Dr. Gary Ferguson is a licensed Naturopathic Doctor and Healthy Communities Consultant living in Anchorage, Alaska. For the past 17 years, Dr. Ferguson has worked across Alaska (and beyond) to address the social, economic, cultural and environmental factors that contribute to the health, well-being of Alaskans. He is a facilitator, motivational speaker, health coach and technical consultant to communities and agencies around how to more deeply address contributing factors to health and well-being. He is Aleut/Unangan, originally from the Shumagin Islands community of Sand Point, Alaska. Dr. Ferguson has a deep passion for reclaiming the indigenous medicines of the First People of Alaska, and is a regular speaker, teacher in promoting Alaskan Plants as Food & Medicine. He is the co-creator of the Store Outside Your Door/Alaskan Plants as Food & Medicine Initiatives. His past positions include providing clinical services to his home region at Eastern Aleutian Tribes, serving at the Alaska Native Tribal Health Consortium as Senior Director of Community Health Services and at the Rural Alaska Community Action Program as Chief Executive Officer. You can learn more about him at the following sites: drgaryferguson.com
Kitchen Culture: How Learning to Ferment at Home Promotes Healthy External and Internal Microbiomes and Helps Us Connect to our Human and Bacterial Ancestors | Chelsie Falk, ND
Humans have evolved alongside bacteria internally and externally for all of humanity. There is a growing interest in understanding and researching the human microbiome and numerous health and disease connections have been made pertaining the health of our internal microbial communities. We will explore culture in the microbial sense and culture in the human sense as the two collide when we discuss the processes of fermentation, which is found in every civilization across the globe throughout history. Fermented foods and/or the knowledge to make these items have traveled the globe with human migration sometimes against great odds. In this talk we will consider how teaching people to ferment foods and beverages in their own homes may have an impact on creating a healthy kitchen microbiome, and thus may positively impact their health through improved internal microbiomes from the regular production and consumption of fermented foods. We will also discuss how these techniques are a way to connect back to our ancestral diets.
Chelsie Falk, ND, is an assistant professor full time for the nutrition masters program at NUNM. She teaches a variety of traditional classroom courses ranging from Pathophysiology to Nutritional Supplements, and a variety of hands-on cooking courses in the NUNM teaching kitchen including Fundamentals of Nutrition, Applied Medical Nutrition Therapy and evidenced-based Detoxification and Cleansing. Some of her favorite courses in the kitchen are her Healing Foods courses. In these courses students explore the healing properties of a variety of foods by learning to cook them. She loves sharing the joys of fermentation, sprouting, dehydration, and traditional foods and cooking methods from across the globe. All the while challenging the students to expand their definitions of healing foods.
Food Story Coaching – A Narrative Approach to Improving Change in Patients | Ian Rubin, MA, Food Story Coach
Helping clients start, succeed, and sustain meaningful dietary change is one of the hardest jobs for any wellness practitioner. A multitude of powerful forces, including cultural, psycho/spiritual/emotional, and cognitive, throw up hurdles, keeping patients from applying the nutrition knowledge they already have and keeping them from being ready, willing or able to receive and implement new information that would improve their health. Dietary programs given to patients are rarely successful due to these facts. A new approach that increases patient efficacy and program adherence is needed. Food Story Coaching is one such system that takes an inside-out approach to creating behavior change. Drawing from MI, health coaching, and positive psychology, Food Story Coaching is a deeply humanistic way to empower patients to make longterm dietary change.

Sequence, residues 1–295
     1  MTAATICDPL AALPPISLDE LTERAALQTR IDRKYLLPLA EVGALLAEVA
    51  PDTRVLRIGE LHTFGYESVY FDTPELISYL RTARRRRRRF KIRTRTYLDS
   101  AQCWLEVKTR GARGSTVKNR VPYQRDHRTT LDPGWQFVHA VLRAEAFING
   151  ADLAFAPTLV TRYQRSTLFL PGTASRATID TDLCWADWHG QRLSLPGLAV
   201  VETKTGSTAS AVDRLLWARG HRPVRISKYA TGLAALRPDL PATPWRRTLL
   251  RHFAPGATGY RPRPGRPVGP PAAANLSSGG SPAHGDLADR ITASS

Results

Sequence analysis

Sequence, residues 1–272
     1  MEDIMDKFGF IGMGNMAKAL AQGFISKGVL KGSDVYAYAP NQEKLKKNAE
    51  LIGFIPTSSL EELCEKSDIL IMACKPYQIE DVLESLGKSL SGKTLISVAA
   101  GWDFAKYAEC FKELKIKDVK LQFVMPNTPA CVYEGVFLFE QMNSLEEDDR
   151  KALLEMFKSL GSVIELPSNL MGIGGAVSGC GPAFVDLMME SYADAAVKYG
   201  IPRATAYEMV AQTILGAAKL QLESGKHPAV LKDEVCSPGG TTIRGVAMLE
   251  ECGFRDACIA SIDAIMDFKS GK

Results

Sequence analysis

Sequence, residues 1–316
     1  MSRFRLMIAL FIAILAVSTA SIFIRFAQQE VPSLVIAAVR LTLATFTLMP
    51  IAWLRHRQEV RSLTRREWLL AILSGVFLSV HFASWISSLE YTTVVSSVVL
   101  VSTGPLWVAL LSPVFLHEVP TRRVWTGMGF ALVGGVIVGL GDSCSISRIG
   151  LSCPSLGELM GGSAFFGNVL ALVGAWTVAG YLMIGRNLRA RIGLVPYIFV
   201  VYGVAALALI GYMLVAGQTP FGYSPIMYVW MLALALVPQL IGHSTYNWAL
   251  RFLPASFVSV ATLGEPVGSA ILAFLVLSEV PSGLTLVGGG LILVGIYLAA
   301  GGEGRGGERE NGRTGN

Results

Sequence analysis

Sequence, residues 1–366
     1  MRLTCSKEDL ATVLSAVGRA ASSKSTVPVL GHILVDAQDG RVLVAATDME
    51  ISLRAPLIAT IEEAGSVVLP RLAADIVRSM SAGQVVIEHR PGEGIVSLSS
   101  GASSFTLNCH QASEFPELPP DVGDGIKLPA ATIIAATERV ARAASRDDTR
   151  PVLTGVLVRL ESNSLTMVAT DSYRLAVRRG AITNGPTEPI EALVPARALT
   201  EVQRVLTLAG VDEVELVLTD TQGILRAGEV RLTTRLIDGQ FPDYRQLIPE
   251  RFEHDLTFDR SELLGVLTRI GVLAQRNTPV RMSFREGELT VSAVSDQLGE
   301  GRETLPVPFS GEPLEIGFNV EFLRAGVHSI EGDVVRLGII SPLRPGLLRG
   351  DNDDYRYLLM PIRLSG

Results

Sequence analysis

Ian Rubin, MA, is a wellness coach, founder of Wholeself Wellness LLC, and adjunct faculty at NUNM. As a coach and teacher, his speciality and focus is Food Story Coaching®, his proprietary approach to food and wellness coaching developed over the last 13 years in one-on-one and group work with clients. This approach is driven by his passionate interest in food culture and psycho/spiritual/emotional forces; that is, the intersection of personal, social and anthropological forces that influence our daily food choices.
The Ethics of Dietary Prescribing: First Do No Harm | WendyLeigh White, ND, MS
The principles of naturopathic medicine can be applied to explore disordered eating and the ethical implications of dietary recommendations. What is ‘normal’ eating and does that definition apply to everyone? Are healthcare practitioners screening patients for eating disorders or disordered eating patterns? Learn to assess and protect patients from the harms brought on by inadvertent food and body shaming.
Dr. WendyLeigh White is a practicing naturopathic doctor and nutritionist since 2008. A “nature cure” approach to prevention and healing empowers her patients to understand the interconnected systems of their bodies and their specific needs. In this way, they can learn to tune in to their body’s signals. Only then can they know what it needs to heal, to thrive. Individualized nutrition, homeopathy, lifestyle recommendations, and botanical medicines are used to stimulate healing in her naturopathic medical practice. Her NUNM MScN classes include “The Psychology of Eating” and “Eating Disorders & Intuitive Eating.” https://drwendyleighwhite.com/my-story/